How Sen. Rick Scott became Big Oil’s point man on Venezuelan regime change

The US oil cartel has given Florida’s Rick Scott 500 million reasons to be one of the Senate’s most fanatical cheerleaders for toppling Venezuela’s leftist government.

By Dan Cohen

While National Security Advisor John Bolton, Secretary of State Mike Pompeo, and Florida Senator Marco Rubio have helped drive the Trump administration’s maximum pressure-style campaign against Venezuela, Rubio’s counterpart, Senator Rick Scott, has been every bit as fanatical about regime change in Caracas.

Speaking to a packed house of former government officials, oil executives, and lobbyists at a June 20th Atlantic Council event entitled “Russian Influence in Venezuela: What Should the United States Do?,” Scott launched into a tirade against Venezuelan President Nicolás Maduro.

“There is clearly genocide happening in Venezuela right now,” Scott declared. “Tens of thousands are dead, and it’s clearly genocide and it’s in our hemisphere.” 

Scott wasn’t referring to the tens of thousands of Venezuelans that have died as a result of the crippling US sanctions regime since 2017. He was pointing instead at Venezuela’s president.

“We are watching little children like my grandson Eli starve to death, intentionally!” Scott bellowed. “And there is one person that’s primarily responsible for it, and his name is Nicolás Maduro… I think we have to be very clear, whether it’s President Putin, President Xi or the Castro regime or Iran, they are part of killing little children.”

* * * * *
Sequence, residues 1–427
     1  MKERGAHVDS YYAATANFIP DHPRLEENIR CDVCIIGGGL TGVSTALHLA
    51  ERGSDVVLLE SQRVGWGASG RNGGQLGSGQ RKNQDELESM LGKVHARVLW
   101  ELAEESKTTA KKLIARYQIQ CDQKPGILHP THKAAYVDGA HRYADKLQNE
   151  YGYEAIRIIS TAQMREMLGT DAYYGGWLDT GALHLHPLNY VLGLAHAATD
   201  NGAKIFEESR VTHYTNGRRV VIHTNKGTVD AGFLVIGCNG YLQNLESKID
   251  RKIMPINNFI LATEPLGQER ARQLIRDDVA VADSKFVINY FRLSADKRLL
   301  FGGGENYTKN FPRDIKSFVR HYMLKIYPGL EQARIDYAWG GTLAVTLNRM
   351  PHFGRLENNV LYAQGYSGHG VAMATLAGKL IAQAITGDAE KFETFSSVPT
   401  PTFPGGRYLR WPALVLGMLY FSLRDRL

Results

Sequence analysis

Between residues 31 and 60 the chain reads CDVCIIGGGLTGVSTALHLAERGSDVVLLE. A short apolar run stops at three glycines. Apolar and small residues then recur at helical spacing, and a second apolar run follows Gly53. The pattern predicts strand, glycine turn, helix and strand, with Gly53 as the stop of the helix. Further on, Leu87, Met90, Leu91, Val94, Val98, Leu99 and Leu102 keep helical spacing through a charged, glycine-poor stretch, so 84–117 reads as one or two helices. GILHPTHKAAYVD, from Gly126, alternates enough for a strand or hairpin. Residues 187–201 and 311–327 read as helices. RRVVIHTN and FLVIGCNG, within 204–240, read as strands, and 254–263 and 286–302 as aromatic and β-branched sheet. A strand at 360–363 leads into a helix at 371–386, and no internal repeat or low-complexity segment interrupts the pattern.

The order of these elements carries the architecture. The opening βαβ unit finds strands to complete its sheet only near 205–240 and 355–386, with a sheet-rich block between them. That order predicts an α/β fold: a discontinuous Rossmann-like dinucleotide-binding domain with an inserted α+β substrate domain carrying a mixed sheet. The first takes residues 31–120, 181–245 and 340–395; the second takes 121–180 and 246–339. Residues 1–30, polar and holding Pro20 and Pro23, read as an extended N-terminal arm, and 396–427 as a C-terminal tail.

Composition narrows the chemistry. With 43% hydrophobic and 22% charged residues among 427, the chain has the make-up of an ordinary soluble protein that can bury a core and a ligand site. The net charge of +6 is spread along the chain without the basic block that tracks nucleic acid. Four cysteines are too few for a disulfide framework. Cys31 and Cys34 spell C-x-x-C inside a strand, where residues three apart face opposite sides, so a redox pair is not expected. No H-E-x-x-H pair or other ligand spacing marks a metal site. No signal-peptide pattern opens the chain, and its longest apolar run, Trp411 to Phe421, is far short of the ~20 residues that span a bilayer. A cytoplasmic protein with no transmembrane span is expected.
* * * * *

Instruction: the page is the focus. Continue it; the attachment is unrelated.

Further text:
In August 2017, as the United States launched the opening salvo of its economic assault on Venezuela, American oil and gas corporations who poured huge sums into Scott’s electoral campaign colluded in an attempt to suffocate the country’s energy sector.

At the same time, Scott – whose oil-heavy investment portfolio stood to grow as a result of the prospective coup – led the way in the halls of power in Washington. 

Scott’s donors in big oil have a clear interest in toppling Venezuela’s government. Since 2007, when President Hugo Chávez nationalized the assets of Venezuela’s national oil company, Petroleum of Venezuela (PDVSA), companies like ExxonMobil have been cut out of the country’s market.

“They will never rob us again, those bandits of ExxonMobil; they are imperialist bandits, white collar criminals, corruptors of governments, over-throwers of governments, who supported the invasion and bombing of Iraq and continue supporting the genocide in Iraq,” Chávez thundered that year on his weekly TV show Alo Presidente.

Rex Tillerson, who was CEO of ExxonMobil at the time, sued Venezuela in international arbitration court, demanding the full $10 billion in lost assets. Tillerson was initially awarded $1.6 billion, but the compensation was reduced to approximately $188 million before a US appeals court blocked the award altogether.